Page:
Annual Report 2016

Task 7 - Cost of Energy Assessment for Wave, Tidal and OTEC

The assessment of LCOE for ocean energy devices represents a critical element of understanding in the development of ocean energy array projects. While the cost of existing prototype devices is high, there is scope for significant reductions of the cost of energy. To unlock some of these cost savings, the deployment levels of ocean energy converters will need to ramp up and projects must progress into the construction and operation phases.

This project has contributed significantly to the state of the art in knowledge of LCOE and cost reduction trajectories for Wave, Tidal Stream, and OTEC on an international level. Industry consultation has allowed the development of revised cost models for all the technologies considered, producing revised expectations on the development trajectory for each technology. Some similarities exist among the technologies considered. 


Henry Jeffrey, The University of Edinburgh, UK

All Member countries


Current LCOE values are very high for wave, tidal and OTEC technologies in comparison to the incumbent power generation technologies, leading to significant cost-reduction requirements in order to become competitive.

Although progress has been demonstrated to date, the level of progress is not on par with expectations. The rate of deployment has been significantly slower than anticipated by some investors and policymakers. At this stage in the development of each technology, the best available data comes from pilot projects. In conjunction with a simplified cost model, as used within this approach, the uncertainty level was expected to be in the region of ±30%, consistent with studies in other technologies both within and outside of the energy sector. There were also a number of differences between the technologies that were clear within this study. Wave energy sector development lags that of tidal stream energy, and there is an identified lack of fundamental performance and operational data to validate the early stage projections made by wave energy technology developers.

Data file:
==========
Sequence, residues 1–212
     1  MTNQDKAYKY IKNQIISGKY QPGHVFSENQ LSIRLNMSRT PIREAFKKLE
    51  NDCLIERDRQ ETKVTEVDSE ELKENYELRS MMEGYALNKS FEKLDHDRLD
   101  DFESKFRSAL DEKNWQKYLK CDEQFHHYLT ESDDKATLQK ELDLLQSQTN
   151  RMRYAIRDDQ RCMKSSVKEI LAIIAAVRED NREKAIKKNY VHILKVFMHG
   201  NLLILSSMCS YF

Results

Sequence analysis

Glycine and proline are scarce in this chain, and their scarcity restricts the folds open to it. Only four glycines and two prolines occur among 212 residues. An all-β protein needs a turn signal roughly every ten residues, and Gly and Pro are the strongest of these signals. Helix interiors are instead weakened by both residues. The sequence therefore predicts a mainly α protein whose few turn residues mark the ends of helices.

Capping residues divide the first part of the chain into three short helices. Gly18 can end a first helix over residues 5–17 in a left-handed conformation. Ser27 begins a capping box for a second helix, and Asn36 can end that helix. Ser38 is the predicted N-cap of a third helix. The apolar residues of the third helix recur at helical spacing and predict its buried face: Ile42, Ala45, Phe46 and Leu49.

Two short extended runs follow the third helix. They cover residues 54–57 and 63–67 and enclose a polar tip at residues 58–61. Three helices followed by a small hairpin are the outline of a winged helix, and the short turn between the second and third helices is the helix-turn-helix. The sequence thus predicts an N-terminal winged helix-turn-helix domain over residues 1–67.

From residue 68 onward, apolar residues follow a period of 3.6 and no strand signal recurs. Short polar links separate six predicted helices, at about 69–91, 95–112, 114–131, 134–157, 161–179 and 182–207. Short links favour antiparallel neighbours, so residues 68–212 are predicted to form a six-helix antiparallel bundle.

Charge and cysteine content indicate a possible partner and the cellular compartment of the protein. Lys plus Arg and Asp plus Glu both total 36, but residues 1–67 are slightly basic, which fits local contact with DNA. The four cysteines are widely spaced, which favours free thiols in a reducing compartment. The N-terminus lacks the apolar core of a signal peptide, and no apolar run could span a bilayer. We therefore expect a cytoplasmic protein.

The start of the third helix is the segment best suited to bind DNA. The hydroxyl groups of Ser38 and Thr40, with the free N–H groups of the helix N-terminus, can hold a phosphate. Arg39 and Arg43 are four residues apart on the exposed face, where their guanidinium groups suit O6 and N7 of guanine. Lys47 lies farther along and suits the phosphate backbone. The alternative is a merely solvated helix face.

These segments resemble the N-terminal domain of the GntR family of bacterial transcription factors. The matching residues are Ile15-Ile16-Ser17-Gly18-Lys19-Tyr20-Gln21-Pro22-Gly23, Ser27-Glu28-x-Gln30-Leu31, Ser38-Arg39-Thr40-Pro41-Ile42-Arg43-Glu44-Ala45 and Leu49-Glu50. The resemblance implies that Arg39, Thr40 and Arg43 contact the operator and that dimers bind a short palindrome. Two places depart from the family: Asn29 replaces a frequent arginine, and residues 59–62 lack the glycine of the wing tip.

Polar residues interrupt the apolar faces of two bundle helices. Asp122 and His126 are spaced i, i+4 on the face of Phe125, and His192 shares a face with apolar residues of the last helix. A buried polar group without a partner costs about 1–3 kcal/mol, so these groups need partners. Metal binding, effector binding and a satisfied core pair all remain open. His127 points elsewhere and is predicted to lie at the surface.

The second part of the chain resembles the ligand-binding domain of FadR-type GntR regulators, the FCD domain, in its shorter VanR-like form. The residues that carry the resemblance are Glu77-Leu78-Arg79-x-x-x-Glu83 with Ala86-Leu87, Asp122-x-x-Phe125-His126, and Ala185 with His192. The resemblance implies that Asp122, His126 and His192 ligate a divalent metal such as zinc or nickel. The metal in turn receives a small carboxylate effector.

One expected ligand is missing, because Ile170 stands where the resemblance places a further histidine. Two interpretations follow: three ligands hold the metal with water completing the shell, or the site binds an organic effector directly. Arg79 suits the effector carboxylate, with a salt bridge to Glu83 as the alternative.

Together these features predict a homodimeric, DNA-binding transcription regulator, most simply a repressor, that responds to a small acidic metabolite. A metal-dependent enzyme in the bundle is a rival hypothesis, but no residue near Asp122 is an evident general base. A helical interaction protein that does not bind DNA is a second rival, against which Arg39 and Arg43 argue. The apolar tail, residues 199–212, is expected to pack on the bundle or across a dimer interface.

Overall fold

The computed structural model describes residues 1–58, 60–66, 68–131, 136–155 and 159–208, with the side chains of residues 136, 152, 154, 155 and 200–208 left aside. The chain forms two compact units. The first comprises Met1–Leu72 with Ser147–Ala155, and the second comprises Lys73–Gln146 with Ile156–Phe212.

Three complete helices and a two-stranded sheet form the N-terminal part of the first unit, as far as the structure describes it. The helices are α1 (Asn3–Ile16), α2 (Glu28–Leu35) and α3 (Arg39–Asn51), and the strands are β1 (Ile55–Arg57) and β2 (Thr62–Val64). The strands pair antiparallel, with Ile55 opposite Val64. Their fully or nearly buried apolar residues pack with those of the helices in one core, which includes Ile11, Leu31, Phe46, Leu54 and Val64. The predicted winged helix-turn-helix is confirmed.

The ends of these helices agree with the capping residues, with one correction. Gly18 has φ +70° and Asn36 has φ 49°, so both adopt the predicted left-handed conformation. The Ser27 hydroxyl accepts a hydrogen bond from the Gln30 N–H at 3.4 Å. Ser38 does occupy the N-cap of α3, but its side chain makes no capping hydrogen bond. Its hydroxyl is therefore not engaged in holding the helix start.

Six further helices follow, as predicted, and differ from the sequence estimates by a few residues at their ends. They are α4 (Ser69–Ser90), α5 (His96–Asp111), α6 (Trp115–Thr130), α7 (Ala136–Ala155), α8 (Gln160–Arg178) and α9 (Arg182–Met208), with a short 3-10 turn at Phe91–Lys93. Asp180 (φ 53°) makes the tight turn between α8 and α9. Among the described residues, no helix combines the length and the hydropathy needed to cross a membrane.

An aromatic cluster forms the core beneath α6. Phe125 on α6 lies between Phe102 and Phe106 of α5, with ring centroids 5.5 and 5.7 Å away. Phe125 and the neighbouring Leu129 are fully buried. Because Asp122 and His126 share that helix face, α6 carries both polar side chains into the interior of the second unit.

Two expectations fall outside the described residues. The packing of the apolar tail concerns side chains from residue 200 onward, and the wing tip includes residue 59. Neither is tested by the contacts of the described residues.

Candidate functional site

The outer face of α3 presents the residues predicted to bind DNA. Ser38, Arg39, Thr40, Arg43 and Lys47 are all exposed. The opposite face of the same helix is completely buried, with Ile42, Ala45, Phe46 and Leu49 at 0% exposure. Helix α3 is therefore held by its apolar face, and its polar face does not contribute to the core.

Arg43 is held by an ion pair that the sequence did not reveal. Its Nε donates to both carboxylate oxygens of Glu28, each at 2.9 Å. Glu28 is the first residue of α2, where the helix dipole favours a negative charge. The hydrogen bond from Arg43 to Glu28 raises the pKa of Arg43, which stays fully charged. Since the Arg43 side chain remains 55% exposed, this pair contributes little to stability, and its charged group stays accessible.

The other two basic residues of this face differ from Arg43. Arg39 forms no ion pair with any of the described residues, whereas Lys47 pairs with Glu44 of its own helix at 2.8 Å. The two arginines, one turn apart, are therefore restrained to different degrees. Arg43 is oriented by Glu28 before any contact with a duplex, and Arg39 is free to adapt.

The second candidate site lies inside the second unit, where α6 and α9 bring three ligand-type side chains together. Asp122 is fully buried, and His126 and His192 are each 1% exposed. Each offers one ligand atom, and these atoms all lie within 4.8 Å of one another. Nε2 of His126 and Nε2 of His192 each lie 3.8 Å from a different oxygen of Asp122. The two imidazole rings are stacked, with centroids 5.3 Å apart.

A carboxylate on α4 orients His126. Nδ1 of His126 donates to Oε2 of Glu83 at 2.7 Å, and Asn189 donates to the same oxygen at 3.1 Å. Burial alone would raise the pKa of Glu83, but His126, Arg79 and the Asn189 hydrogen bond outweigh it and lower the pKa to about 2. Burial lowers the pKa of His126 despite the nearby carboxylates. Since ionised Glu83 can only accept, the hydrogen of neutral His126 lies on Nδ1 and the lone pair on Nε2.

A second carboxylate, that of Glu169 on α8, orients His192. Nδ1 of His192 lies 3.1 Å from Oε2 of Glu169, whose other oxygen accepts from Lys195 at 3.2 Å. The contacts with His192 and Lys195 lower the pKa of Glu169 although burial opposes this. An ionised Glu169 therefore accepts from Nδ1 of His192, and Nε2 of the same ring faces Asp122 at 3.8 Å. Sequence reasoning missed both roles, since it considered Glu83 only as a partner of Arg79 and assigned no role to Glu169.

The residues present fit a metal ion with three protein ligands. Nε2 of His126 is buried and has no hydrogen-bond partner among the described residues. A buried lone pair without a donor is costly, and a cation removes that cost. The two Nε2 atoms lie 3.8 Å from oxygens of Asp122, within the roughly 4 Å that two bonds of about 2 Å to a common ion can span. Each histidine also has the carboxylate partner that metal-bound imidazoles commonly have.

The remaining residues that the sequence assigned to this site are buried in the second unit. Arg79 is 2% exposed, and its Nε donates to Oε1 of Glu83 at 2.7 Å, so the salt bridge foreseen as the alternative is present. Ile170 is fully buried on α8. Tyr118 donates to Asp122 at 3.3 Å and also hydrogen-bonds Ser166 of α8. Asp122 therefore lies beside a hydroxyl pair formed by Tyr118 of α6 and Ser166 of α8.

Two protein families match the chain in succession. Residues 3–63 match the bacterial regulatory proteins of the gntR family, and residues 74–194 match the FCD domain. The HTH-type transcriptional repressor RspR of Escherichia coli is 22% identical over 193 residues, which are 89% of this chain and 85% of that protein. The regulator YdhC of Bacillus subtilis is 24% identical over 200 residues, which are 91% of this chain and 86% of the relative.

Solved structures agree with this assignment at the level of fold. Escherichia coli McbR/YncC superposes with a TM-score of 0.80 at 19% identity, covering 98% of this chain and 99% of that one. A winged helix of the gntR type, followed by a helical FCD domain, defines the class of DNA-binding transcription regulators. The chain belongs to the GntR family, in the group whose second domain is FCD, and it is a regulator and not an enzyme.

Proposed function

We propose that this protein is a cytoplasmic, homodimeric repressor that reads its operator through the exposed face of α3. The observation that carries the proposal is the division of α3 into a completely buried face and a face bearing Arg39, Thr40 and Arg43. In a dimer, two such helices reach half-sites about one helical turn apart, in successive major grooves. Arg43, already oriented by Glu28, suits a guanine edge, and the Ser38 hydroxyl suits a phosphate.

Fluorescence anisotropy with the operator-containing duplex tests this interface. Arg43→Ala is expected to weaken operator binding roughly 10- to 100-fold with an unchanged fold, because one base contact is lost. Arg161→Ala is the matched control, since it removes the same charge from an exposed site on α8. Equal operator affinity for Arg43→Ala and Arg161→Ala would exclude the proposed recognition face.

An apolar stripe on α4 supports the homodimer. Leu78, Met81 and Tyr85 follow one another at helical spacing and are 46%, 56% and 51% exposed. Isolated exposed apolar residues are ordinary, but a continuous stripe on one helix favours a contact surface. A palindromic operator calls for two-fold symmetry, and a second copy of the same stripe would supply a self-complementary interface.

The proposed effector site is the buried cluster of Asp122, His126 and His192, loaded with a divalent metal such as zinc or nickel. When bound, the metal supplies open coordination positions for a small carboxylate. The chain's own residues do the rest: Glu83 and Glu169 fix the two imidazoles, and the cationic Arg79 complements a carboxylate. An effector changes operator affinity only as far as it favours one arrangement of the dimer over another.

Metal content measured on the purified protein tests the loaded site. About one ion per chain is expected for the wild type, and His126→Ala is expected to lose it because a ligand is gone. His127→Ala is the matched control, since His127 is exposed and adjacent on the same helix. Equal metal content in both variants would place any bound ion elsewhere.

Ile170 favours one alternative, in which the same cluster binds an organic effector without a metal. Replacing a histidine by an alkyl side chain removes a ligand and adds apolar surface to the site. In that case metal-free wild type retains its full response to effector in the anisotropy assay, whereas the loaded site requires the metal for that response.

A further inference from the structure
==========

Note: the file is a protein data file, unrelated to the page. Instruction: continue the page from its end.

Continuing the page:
The challenges for each sector are clear. Demonstrable progress in reliable unit operation is required in order to verify and validate the cost projections that have been made within this report. High costs are intrinsic to the early stage development of technology, but clear evidence of progression down the cost curve is needed in order to restore confidence in the ability of each sector to deliver the targets that have been set. The outputs of this work have resulted in the generation of all input data required for the TIMES regional modelling, carried out by the IEA within their Energy Technology Perspectives document. By making a clear distinction among wave, tidal and OTEC technologies, the relevant parameters for each technology can allow for a more robust piece of modelling work that more truly reflects the diverse nature of these very different ocean energy technologies.